Cell tower industry puts out the call for more tower climbers

CHARLOTTE, N.C. — Some of the top executives from the cell tower industry are ratcheting up their recruitment efforts in order to field enough technicians to meet an expected upsurge in demand. As carriers work to deploy wireless networks on new spectrum bands, and upgrade their networks to 5G, those in the tower industry are working to make sure they have enough skilled technicians to actually do all that work.

“I’m not worried about a labor shortage,” said Jay Brown, president and CEO of Crown Castle, here at the WIA’s Connect (X) trade show during a session featuring some of the biggest names in the cell tower industry. He said Crown Castle is finding enough technicians to work on both traditional macro cell towers as well as smaller locations for small cells.

However, Brown added that “we are recruiting people directly out of college, which we historically have not done.”

RELATED: Another 5G obstacle: Finding technicians to actually climb cell towers

Other tower company executives echoed those sentiments. Jeffrey Stoops, president and CEO of SBA Communications, said that it’s “so far so good” in terms of finding enough workers to climb towers. But he too said that SBA operates its own “tower university” to properly train a tower-climbing workforce.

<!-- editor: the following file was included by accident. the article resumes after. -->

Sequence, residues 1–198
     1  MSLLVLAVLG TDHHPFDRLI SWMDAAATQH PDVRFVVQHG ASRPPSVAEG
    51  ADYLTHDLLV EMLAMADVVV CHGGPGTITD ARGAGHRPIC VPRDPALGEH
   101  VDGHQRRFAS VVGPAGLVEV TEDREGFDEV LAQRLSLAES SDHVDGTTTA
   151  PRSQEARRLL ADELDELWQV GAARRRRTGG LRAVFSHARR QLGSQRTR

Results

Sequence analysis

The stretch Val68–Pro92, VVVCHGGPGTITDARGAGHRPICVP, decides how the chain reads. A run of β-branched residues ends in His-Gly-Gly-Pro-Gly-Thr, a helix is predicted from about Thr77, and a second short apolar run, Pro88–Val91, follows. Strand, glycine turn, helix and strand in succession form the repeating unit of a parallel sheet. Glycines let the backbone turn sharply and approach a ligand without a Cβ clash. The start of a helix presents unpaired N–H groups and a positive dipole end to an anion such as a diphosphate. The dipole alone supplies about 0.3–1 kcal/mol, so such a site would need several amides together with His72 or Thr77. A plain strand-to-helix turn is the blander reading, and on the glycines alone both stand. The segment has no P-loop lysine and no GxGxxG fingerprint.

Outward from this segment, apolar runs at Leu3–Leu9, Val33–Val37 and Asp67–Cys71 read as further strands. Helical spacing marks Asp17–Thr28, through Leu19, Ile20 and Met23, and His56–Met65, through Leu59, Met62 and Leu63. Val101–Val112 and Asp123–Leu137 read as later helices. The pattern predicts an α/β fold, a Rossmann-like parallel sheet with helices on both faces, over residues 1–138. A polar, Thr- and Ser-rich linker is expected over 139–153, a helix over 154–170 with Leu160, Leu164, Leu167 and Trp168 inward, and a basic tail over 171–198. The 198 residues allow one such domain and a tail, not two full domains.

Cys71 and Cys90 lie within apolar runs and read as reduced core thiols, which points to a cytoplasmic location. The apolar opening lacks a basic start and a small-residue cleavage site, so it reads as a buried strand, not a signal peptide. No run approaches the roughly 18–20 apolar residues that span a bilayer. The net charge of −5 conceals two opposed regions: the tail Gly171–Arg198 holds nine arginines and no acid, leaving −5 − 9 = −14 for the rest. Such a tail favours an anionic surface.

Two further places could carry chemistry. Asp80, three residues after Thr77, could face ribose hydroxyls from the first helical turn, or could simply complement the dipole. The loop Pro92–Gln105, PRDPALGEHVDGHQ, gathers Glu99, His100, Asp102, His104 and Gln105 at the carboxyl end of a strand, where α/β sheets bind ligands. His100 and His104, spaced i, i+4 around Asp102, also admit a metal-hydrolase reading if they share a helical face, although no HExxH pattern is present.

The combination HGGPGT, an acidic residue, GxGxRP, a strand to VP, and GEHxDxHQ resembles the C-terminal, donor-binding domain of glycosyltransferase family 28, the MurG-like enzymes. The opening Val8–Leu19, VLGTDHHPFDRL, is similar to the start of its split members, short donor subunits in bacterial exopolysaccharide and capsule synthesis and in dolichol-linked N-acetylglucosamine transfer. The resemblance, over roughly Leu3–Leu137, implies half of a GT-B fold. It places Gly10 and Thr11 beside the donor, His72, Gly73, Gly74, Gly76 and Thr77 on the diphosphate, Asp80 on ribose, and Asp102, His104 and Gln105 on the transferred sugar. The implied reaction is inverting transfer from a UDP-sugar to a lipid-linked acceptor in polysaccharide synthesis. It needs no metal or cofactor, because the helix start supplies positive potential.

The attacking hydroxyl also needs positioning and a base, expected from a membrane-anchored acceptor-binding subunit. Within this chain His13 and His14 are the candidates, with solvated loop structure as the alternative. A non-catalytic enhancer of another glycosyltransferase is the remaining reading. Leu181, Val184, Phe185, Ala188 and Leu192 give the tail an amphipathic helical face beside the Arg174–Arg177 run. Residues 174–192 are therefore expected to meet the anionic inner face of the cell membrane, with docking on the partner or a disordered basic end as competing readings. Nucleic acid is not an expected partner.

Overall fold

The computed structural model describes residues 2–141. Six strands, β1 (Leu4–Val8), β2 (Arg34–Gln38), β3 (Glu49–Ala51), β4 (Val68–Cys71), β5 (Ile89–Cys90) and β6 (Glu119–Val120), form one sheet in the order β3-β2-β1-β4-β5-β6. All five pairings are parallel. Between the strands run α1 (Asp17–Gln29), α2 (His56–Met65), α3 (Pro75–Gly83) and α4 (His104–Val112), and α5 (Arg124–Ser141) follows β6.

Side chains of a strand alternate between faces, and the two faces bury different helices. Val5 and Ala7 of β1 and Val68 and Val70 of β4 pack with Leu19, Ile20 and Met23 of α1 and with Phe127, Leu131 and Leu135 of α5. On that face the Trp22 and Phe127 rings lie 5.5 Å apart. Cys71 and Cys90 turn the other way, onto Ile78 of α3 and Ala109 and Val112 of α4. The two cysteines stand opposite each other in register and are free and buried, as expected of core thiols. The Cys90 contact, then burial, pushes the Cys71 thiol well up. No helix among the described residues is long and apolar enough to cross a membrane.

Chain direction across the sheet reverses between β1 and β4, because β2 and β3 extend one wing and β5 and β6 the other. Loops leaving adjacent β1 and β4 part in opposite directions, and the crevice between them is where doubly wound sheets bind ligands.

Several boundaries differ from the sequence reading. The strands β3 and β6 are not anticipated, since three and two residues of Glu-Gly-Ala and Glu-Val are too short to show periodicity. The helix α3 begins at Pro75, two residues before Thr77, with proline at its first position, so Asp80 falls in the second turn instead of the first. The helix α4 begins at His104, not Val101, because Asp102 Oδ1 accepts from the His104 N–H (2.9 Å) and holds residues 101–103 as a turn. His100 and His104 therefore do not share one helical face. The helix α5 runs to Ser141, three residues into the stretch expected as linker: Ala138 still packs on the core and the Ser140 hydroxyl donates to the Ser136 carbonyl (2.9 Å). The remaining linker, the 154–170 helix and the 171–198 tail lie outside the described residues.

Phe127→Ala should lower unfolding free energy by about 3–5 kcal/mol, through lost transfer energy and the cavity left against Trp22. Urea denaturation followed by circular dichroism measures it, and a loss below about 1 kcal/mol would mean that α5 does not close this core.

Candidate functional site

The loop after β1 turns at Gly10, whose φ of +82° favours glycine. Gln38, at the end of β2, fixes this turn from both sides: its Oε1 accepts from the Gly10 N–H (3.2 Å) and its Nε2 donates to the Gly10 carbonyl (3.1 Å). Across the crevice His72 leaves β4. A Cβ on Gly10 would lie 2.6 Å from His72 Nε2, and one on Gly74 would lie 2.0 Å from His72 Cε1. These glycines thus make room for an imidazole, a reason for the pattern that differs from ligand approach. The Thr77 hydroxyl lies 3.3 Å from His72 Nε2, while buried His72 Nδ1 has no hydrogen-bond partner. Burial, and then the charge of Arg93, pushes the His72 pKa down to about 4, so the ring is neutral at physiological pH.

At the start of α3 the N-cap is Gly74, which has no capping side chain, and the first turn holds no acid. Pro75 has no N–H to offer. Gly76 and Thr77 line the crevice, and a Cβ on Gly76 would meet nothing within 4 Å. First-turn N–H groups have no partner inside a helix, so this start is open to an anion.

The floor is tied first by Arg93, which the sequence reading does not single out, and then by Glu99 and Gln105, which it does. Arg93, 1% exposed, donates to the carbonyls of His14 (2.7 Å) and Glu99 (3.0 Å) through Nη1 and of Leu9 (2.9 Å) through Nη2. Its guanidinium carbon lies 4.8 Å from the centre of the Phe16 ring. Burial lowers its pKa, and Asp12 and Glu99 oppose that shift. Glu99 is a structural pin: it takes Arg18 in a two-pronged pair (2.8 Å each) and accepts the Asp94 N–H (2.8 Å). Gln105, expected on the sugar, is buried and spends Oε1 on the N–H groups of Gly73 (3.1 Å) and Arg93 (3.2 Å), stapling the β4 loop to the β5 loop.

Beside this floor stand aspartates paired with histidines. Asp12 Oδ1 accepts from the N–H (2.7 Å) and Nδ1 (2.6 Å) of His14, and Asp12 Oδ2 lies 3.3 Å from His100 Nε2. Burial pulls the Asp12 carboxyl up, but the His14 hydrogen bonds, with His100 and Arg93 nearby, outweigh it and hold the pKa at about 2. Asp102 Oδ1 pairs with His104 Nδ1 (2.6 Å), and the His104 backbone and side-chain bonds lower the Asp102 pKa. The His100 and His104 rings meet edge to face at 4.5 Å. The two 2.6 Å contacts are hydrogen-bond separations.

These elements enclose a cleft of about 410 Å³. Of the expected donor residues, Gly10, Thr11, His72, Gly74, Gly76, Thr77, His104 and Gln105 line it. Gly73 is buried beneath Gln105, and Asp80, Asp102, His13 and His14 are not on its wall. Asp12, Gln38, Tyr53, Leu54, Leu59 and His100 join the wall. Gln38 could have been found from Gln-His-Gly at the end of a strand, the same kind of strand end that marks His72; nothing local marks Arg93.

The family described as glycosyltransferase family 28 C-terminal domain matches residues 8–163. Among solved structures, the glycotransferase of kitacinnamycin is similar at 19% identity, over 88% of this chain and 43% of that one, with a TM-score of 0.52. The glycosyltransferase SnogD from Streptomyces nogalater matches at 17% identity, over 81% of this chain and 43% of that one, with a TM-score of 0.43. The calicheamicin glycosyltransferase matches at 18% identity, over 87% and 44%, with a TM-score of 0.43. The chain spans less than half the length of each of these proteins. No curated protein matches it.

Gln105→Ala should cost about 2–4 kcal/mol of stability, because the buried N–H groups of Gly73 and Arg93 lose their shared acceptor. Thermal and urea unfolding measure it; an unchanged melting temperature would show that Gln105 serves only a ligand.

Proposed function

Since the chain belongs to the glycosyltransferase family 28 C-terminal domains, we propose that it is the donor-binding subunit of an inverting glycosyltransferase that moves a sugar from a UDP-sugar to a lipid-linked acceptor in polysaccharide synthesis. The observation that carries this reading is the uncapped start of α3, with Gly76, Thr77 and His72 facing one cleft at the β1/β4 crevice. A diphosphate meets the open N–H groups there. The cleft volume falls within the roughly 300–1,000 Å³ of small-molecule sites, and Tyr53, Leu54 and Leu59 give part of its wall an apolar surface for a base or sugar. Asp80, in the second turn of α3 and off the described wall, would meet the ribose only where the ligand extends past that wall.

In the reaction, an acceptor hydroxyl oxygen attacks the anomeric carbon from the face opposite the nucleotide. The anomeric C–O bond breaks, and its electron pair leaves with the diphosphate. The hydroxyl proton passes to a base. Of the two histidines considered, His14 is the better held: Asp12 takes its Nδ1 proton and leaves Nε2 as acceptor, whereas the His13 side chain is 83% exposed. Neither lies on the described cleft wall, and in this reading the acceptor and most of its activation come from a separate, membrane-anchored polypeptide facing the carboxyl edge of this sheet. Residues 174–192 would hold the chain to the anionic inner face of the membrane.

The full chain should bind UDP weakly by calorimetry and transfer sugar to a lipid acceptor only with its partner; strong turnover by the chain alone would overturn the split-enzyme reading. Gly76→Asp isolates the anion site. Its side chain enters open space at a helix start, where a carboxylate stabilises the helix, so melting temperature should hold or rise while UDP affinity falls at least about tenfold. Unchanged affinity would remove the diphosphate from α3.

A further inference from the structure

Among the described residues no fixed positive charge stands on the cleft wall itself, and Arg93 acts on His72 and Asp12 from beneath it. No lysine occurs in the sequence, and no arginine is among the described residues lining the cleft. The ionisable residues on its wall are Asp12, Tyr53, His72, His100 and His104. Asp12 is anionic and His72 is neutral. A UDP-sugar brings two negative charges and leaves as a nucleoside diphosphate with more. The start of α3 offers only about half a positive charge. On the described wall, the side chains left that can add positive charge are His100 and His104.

Stoops also said that he’s concerned about finding enough technicians to address the buildout of 600 MHz spectrum. That spectrum band is rising in importance following the FCC’s incentive spectrum auction that sought to obtain unwanted 600 MHz spectrum licenses from TV broadcasters and auction them to wireless providers—the 600 MHz incentive auction ended last year, and T-Mobile walked away with a large chunk of those licenses. The situation is particularly important for the tower industry considering most 600 MHz towers are taller than towers carrying other bands.

“There’s a limited number of crews” that can handle 600 MHz towers, explained Alexander Gellman, CEO of Vertical Bridge. “That’s the one place that worries me.”

Finally, American Tower’s Rich Rossi pointed to the “Warriors4Wireless” program headed in part by WIA’s Jonathan Adelstein. The program works to push military veterans looking for work into the tower climbing industry.

And, not surprisingly, the topic of tower climbing safety came up during the session. The issue is a prickly one for the tower industry in light of a string of deaths and injuries during initial LTE network buildouts in 2012 and 2013. Indeed, just this week AT&T was part of a $30 million settlement related to a 50-foot fall that severely injured a technician climbing one of the carrier’s towers in 2013.

But SBA’s Stoops said that the industry hasn’t suffered as many deaths in recent years. “Everyone has taken safety very seriously, and it’s paid off.”

Tower company executives aren’t the only ones working on the tower-climbing workforce issue in the wireless industry. The National Association of Tower Erectors is working to stir up interest among minorities, military veterans and millennials for a job that he boasted would allow them to “start at the top and work your way down while being promoted.”